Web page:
It was a long day, the Sunday of Hurricane Irene. We had worried about it all week, and were well prepared.

A crew on Saturday at the tennis club led by Sue Collinson put battens on the windows in the yellow room. The club weathered the storm well with the one problem that a lot of topping was lost on courts three, four and six.

The same story unfolded at the yacht club. Because yacht club activities had concluded a week prior to the storm, the club had already been put to bed. “That certainly helped,” reported president Page Stephens. “We had a little scare with the high tide on Sunday morning, but most of our boats were either hauled or put on moorings. No boats were damaged.”

Dan Hogan and Melissa Banta had a unique problem. They own the “Doll House” on East Chop Drive. According to Dan, their house sits six inches above mean high tide, which makes them vulnerable to a tidal surge. In preparing for the storm, they placed their furniture on saw horses and raised their appliances on blocks of wood. When I checked with them on Monday morning, all was well with the saw horses on the front yard and the furniture back in place.

Our Market prepared for the storm by stocking the shelves. I was interested to learn that liquor sales increase dramatically during such times. I guess it’s a good thing to have around if you lose power. I wouldn’t recommend brushing your teeth with it, but it may help ease the pain of missing the Red Sox game on TV.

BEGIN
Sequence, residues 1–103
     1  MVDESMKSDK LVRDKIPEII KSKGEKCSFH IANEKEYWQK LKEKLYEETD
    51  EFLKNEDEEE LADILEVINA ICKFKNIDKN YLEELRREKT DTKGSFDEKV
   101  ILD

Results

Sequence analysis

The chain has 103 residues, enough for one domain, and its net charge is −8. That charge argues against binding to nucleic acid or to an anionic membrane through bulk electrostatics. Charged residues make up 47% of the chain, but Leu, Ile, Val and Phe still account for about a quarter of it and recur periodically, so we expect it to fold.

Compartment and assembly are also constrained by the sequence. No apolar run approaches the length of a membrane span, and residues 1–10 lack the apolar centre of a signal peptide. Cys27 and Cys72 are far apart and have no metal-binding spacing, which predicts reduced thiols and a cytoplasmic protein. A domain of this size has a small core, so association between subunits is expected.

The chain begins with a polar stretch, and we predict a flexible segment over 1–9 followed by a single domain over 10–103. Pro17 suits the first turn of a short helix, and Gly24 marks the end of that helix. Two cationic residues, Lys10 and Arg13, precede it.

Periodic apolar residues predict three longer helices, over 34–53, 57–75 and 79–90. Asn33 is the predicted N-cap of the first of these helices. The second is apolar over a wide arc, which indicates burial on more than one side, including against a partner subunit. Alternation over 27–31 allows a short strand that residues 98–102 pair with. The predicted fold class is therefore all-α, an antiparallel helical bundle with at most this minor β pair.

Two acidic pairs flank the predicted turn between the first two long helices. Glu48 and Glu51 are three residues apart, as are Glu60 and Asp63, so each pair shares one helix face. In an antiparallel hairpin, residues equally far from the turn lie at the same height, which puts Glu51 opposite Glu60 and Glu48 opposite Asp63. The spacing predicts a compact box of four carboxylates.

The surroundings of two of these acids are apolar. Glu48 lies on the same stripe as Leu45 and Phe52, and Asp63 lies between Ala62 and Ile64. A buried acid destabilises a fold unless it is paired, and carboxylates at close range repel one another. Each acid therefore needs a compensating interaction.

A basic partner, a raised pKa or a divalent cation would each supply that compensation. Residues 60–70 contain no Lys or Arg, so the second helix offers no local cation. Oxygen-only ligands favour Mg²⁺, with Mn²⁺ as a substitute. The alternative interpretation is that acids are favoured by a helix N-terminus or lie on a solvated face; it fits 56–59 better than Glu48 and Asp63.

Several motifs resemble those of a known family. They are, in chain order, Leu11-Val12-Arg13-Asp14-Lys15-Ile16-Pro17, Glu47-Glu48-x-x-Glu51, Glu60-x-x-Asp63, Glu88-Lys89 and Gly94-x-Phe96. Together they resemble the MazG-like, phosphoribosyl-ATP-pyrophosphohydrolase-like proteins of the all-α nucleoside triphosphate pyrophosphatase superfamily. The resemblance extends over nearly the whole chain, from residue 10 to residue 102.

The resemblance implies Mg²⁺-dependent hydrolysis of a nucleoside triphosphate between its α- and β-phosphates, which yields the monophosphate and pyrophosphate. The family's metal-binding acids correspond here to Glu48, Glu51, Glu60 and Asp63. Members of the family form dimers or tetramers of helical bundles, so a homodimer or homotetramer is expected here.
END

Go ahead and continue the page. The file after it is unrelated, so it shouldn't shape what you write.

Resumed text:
Kelly Hess led a crew at the beach club on Thursday to get ready for the storm. They took up the raft, the diving board, the stairs and the ladders connected to the pier. They put away benches and furniture in the utilities room, and lowered hurricane shutters to protect the windows.

Unfortunately, as most people who were here know, the beach club took a direct hit with significant damage being done to the little pier and the big pier by the diving board. It was reassuring to find Kelly, her staff and Reagan Construction putting it all back together on Monday morning.

When all is said and done, I think we can conclude that the Chop weathered the storm well. There was even a silver lining. Between 9 and 11 a.m. on Sunday, six inches of new sand was added to the beach at the beach club. On Monday morning several East Choppers were combing the beach for sea glass. As I gathered my notebook and prepared to return home, I looked across the beach toward Oak Bluffs. Amazingly, the osprey nest was fully intact. Those birds build remarkable structures, I thought. Maybe we should give them some of this stimulus money.